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LA TIMES: REVIVAL OF DOWNTOWN LA STREETCARS HEADS FOR BALLOT

Downtown voters will decide the fate of a $125-million effort to bring a trolley system back to Los Angeles after the City Council on Tuesday agreed to let residents decide on the special tax measure in November. Council members approved formation of a taxing district that encompasses about 7,000 registered voters and 397 acres of land downtown. The measure needs a two-thirds majority to pass.

Under the proposal, property owners would pay a tax proportional to the square footage of their holdings and their property's proximity to the streetcar lines. A condo owner living in a 1,000-square-foot space would pay $200 to $500 a year, while a hotel owner could pay several hundred thousand dollars in assessments. City leaders hope to generate $62.5 million.

Read more . . .

DTLA STREETCAR VOTE TUESDAY AT LA CITY HALL

Tomorrow the Los Angeles City Council will consider a series of city ordinances that, if approved, will allow registered voters along the proposed alignment of the Downtown L.A. Streetcar area to vote on local funding for the project. This City Council approval is critical to the project’s ability to move forward and receive federal funding.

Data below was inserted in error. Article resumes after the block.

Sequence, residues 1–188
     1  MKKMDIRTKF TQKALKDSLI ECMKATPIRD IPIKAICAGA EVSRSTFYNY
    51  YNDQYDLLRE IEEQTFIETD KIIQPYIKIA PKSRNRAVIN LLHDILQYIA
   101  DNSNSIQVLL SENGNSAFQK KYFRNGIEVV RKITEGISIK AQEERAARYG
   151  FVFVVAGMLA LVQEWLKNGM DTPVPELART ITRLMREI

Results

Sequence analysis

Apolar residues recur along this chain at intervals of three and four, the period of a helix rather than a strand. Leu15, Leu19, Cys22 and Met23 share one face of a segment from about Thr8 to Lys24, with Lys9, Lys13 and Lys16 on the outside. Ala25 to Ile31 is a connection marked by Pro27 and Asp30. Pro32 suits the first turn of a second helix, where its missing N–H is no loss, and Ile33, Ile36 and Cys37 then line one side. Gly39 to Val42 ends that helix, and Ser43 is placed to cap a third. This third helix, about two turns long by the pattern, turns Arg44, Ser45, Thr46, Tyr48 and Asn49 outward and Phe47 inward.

Paraphrased from the LA Streetcar website: Financing plans for streetcars can best be characterized as the creative leveraging of a diverse array of federal, state and local funding sources . . . While there are federal funding programs that can be used to fund streetcars there are also reasons to pursue local and state funding as well. For example, the federal funding evaluation process is expensive and time-consuming, and favors projects that save time for commuters instead of streetcars, which are slow and stop frequently to facilitate the circulation of passengers in densely populated neighborhoods like downtown.

The meeting is in City Hall Room 340 at 10 a.m. Read more.

CPDR: EXPO OPENS UP WORLD OF TOD POSSIBILITIES